My First Week in Kenya: Intern Post by Sara Tempest
As I reflect on my first week in Africa, I am trying to wrap my head around all of the amazing experiences that I have had. Africa is an esthetically stimulating place. Everywhere I look is picturesque: The vibrant patterns of fabric women wear, babies wrapped up tight on a mother’s back while she carries a bucket of water gracefully on her head. The contrast of bright smiles on dark flawless skin or carefully constructed clay huts that house extended families.
These moments can be drastically contrasted to the tragedy of pain that I have seen as I learn about the tremendous sacrifices that are made here. Children walk up to two hours each way to get to school, usually on an empty stomach. Women work in the hot sun barefooted, digging a dam, carrying buckets of mud on their head up a hill while a baby sleeps on their back. They are paid in food to feed their families. I see the pain in a young girl’s eyes who is living on her own away from her family in a dark room smaller than my bathroom just to be closer to school, so she can be the first of her family to attend and graduate from secondary school.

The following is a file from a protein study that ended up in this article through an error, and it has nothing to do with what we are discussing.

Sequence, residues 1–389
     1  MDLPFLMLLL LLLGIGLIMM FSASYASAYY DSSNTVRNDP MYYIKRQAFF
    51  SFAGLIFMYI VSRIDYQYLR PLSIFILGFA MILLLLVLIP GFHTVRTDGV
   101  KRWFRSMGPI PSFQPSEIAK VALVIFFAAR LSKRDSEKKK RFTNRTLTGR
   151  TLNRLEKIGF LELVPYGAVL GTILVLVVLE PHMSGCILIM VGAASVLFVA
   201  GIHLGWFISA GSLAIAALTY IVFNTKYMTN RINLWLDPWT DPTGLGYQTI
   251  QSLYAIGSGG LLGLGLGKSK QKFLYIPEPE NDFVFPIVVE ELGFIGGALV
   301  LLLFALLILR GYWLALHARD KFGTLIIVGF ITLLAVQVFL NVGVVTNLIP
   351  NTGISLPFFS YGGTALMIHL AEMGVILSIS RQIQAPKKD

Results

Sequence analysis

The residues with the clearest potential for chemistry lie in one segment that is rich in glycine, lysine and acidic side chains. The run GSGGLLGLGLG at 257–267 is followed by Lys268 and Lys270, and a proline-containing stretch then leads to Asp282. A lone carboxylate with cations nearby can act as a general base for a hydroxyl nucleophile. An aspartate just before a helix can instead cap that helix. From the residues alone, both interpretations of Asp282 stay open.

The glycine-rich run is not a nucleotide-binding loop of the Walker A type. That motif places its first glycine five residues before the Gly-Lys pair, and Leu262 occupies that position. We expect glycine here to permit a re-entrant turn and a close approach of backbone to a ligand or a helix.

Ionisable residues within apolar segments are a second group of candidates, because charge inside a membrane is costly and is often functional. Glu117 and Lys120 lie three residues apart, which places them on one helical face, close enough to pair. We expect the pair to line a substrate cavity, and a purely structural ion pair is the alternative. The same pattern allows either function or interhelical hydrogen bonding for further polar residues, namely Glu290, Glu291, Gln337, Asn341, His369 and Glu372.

Though I see many hardships each day, I am humbled and inspired by the way these people move forward doing the best they can to survive, with no complaints. A few times I have asked locals what their challenges are – what it is they are afraid of. I am repeatedly surprised when they have no response to this – as if these words do not translate into their language. It is with great hope and faith these people live their lives. I will always remember and appreciate the interactions I had with the locals in the Samburu District. Though their burdens are many, I have seen the light in numerous faces as Kenya Keys has given opportunities to hundreds of people who would otherwise be in hopeless situations.